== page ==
Extracted from: Timberlake P.H., (1962). A Revisional Study of the Bees of the Genus Perdita F. Smith, with Special Reference to the Fauna of the Pacific Coast (Hymenoptera, Apoidea) Part V. University of California Publications in Entomology Editors, Volume 28, No. 1, pp. 1-124.|
This is another segregate of the forms allied to mentzeliae and is perhaps most closely related to mentzeliarum: many females have the clypeus white, as does that species, and consequently are difficult to distinguish. They are somewhat smaller and have slightly shorter lateral face marks. The males, on the other hand, agree much better with mentzeliae: some specimens are hardly distinguishable by external characters but differ a little in the genitalia. It is not surprising, therefore, that some females should be misidentified as P. mentzeliarum, as Cockerell has done, and some males as P. mentzeliae.
Cockerell described punctifera in 1914 from females collected at Stone Cabin Canyon, Santa Rita Mountains, Arizona, at flowers of Gossypium thurieri, and identified part of his material as P. mentzeliarum. Since that time many punctifera have been collected in Arizona at flowers of Mentzelia pumila. Their activity, like that of allied species visiting this plant, is synchronized with the opening of the flowers, which takes place about an hour before sundown in midsummer. On the mesa west of Blythe, California, an annual form of Mentzelia pumila that blooms at the end of April opens its flowers in midafternoon, with accompanying activity by the Perdita
Female.—Head and thorax dark green; mesoscutum except anterior border, scutellum, meta-notum, supraclypeal area, and subantennal plates, black. Clypeus black, except for a small, white triangular streak at middle of upper border, but varying to pale brown or entirely white. Earely a whitish spot or suffusion on supraclypeal area. Lateral face marks white, triangular, and sometimes hardly higher than wide, but generally reaching nearly to level of antennae, although not intruding between f oveae and eyes. Tubercles, collar of pronotum, and sometimes a small spot on each side of posterior margin of disk, white. Abdomen fuscous above in darkest specimens, with a narrow, enclosed pale-yellow band at base of tergites 2 to 4 or 5, but more commonly having dark color restricted to three or four basal segments, with margins of tergites 1 and 2 remaining dark, or sometimes reduced to four spots on tergite 1 and two subapical spots on one or two following segments; pale color of abdomen generally becoming a testaceous yellow in dried specimens. Legs often pale yellow except hind tibiae and tarsi, but in darker specimens becoming brown or fuscous, except for front and middle pair remaining light at apex of femora, on tibiae except more or less behind, and on tarsi. Antennae pale yellow, with a spot at apex of scape, pedicel and flagellum above, pale brown; in pale examples scape more or less white. Mandibles pale yellow at base and ruf otestaceous on apical half. Labrum dark. Tegulae subhyaline with whitish base. Wings whitish hyaline, nervures paUid, stigma sometimes more or less yellowish.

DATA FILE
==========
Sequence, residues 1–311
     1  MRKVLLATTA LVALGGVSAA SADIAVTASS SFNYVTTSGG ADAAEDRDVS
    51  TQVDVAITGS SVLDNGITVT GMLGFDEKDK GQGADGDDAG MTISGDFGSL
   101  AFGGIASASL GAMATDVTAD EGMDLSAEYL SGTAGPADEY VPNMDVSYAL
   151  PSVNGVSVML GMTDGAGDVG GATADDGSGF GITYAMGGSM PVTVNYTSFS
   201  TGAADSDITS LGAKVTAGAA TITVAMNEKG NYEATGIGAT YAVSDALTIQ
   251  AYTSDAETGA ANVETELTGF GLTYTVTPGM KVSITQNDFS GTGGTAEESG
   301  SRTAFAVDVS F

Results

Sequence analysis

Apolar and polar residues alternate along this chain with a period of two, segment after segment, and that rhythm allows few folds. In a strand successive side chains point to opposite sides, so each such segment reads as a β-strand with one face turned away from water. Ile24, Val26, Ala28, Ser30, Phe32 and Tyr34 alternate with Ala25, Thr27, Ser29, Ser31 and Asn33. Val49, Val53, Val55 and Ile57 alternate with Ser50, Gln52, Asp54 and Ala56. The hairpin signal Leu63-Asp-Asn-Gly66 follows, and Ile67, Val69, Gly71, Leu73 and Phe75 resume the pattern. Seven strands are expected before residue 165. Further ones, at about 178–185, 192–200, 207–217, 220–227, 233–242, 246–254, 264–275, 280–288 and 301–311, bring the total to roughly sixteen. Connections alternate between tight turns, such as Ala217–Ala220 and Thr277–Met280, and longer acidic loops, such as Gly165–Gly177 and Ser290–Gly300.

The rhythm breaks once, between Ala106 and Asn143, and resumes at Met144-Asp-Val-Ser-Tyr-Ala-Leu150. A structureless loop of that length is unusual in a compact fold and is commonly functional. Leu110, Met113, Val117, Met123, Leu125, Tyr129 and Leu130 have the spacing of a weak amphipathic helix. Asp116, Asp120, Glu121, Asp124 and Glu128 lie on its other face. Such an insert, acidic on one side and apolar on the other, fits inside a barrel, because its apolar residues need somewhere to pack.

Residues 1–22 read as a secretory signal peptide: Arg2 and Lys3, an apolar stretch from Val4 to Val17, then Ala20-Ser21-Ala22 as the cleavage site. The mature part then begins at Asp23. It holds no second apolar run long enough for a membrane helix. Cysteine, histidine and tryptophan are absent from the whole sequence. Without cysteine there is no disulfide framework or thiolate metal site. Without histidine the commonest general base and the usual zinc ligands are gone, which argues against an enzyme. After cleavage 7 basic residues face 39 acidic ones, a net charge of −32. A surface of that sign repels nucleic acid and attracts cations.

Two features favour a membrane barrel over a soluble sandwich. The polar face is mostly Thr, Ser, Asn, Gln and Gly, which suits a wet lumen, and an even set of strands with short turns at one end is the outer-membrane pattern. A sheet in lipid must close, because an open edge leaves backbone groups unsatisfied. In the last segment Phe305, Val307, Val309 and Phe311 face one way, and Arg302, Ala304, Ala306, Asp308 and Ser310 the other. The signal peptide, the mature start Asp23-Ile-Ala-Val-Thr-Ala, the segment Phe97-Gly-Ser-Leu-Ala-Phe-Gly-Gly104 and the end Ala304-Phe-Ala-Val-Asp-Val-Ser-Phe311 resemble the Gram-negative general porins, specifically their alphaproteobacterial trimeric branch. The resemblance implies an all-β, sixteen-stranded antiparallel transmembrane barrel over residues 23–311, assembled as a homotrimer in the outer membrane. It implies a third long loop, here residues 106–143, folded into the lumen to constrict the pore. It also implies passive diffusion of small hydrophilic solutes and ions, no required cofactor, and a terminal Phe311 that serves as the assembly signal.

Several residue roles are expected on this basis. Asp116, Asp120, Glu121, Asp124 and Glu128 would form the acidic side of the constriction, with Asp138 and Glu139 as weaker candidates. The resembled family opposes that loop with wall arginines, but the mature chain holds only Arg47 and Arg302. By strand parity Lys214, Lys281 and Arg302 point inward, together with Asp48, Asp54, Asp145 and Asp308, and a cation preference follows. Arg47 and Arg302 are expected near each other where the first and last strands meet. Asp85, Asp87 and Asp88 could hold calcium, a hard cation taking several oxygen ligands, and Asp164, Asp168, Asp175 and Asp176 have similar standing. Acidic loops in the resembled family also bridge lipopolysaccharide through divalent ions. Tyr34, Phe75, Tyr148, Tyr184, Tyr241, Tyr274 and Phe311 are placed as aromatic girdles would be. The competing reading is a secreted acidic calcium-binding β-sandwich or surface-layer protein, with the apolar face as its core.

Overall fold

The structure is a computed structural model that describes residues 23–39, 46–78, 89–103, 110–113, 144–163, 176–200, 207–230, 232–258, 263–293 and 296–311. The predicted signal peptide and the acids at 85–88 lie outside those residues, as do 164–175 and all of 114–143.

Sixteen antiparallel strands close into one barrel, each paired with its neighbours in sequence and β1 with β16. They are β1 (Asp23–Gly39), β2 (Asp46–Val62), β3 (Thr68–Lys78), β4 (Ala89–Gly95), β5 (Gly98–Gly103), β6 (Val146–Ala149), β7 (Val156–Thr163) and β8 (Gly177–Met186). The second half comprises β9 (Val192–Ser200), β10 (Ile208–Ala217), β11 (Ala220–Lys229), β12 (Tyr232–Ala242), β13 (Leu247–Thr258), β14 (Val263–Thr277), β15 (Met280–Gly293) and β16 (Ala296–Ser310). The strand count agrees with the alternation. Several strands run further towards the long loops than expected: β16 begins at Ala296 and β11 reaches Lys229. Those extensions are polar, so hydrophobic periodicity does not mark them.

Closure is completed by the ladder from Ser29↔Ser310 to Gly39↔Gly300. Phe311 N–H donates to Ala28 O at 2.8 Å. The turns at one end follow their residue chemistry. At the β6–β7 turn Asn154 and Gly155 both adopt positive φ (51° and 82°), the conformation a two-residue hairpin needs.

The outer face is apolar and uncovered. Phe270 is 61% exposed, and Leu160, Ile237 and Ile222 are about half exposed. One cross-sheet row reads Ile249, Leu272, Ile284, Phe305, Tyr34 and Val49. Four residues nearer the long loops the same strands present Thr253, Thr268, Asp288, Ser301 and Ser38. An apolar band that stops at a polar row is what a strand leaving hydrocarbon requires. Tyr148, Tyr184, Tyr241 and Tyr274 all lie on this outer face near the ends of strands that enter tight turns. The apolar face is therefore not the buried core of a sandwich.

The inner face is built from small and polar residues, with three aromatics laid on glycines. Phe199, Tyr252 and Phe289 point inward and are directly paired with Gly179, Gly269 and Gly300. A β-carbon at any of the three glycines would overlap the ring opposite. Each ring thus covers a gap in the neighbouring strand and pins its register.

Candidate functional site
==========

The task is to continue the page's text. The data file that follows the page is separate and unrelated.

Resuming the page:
Head as broad as long. Facial foveae somewhat broader than space between them and eyes, and about two-thirds, or slightly more, as long as space between level of antennal sockets and and anterior ocellus. Mandibles rather stout and blunt at apex, with inner tooth represented by abrupt contraction of width close to apex. Proboscis moderately long, apex of galeae in repose falling short of base of stipites. Venation as in allied species; part of marginal cell beneath stigma generally equal to part beyond, or sometimes part beyond slightly longer. Pygidial plate not much longer than wide at base, plane, and rather narrowly rounded or subtruncate at apex. Sculpture and pubescence as in mentzeliae, head and thorax moderately shining, face and meso-notum almost nude. Length: 4-5 mm.; anterior wing, 3.4-4 mm.
Male.—Similar to male of mentzeliae, but sometimes flanks of pronotum entirely yellow and flanks of propodeum with a slight yellow suffusion. Sometimes with an interrupted and irregular yellow band across anterior part of mesopectus, occasionally extending to pleural region. As in mentzeliae, face yellow to level of antennal sockets with lateral marks going somewhat higher, and cheeks yellow on anterior third to half. Legs yellow, but generally with a slight suffusion of fuscous coloration on hind tibiae and sometimes on hind femora. Abdomen generally orange yellow; tergite 1 more or less entirely fuscous; margins of tergite 2 and apical band on tergite 3, dark, or with dark markings sometimes evanescent.
Head not enlarged or only moderately, much more commonly than in mentzeliae, with cheeks broad, rounded beneath, and unarmed; anterior process of cheeks comparatively weak even in strongly macrocephalus specimens. Structure, sculpture, and pubescence much as in mentzeliae. Subgenital plate somewhat blunter at apex than in mentzeliae. Genitalia similar, but dorsal lobes of caulis less broad at apex and volsellae much more exposed. Length: 3.5-5 mm.; anterior wing, 2.8-3.8 mm.